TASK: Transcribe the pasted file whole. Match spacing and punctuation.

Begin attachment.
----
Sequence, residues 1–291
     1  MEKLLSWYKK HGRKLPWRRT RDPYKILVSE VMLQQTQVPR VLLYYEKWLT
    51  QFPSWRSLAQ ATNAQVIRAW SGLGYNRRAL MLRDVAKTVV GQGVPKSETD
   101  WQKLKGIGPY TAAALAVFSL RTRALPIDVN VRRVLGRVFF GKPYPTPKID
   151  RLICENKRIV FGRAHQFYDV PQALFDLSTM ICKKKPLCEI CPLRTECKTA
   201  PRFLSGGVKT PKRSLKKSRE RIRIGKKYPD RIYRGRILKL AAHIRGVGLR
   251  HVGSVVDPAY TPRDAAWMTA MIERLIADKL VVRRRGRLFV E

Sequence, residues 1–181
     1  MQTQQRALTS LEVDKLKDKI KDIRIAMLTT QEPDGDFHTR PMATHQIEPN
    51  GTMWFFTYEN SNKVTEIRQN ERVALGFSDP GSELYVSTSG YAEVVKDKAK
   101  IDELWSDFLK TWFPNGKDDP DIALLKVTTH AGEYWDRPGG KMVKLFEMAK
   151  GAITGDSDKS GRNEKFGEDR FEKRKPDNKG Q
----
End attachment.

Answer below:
Sequence, residues 1–291
     1  MEKLLSWYKK HGRKLPWRRT RDPYKILVSE VMLQQTQVPR VLLYYEKWLT
    51  QFPSWRSLAQ ATNAQVIRAW SGLGYNRRAL MLRDVAKTVV GQGVPKSETD
   101  WQKLKGIGPY TAAALAVFSL RTRALPIDVN VRRVLGRVFF GKPYPTPKID
   151  RLICENKRIV FGRAHQFYDV PQALFDLSTM ICKKKPLCEI CPLRTECKTA
   201  PRFLSGGVKT PKRSLKKSRE RIRIGKKYPD RIYRGRILKL AAHIRGVGLR
   251  HVGSVVDPAY TPRDAAWMTA MIERLIADKL VVRRRGRLFV E

Sequence, residues 1–181
     1  MQTQQRALTS LEVDKLKDKI KDIRIAMLTT QEPDGDFHTR PMATHQIEPN
    51  GTMWFFTYEN SNKVTEIRQN ERVALGFSDP GSELYVSTSG YAEVVKDKAK
   101  IDELWSDFLK TWFPNGKDDP DIALLKVTTH AGEYWDRPGG KMVKLFEMAK
   151  GAITGDSDKS GRNEKFGEDR FEKRKPDNKG Q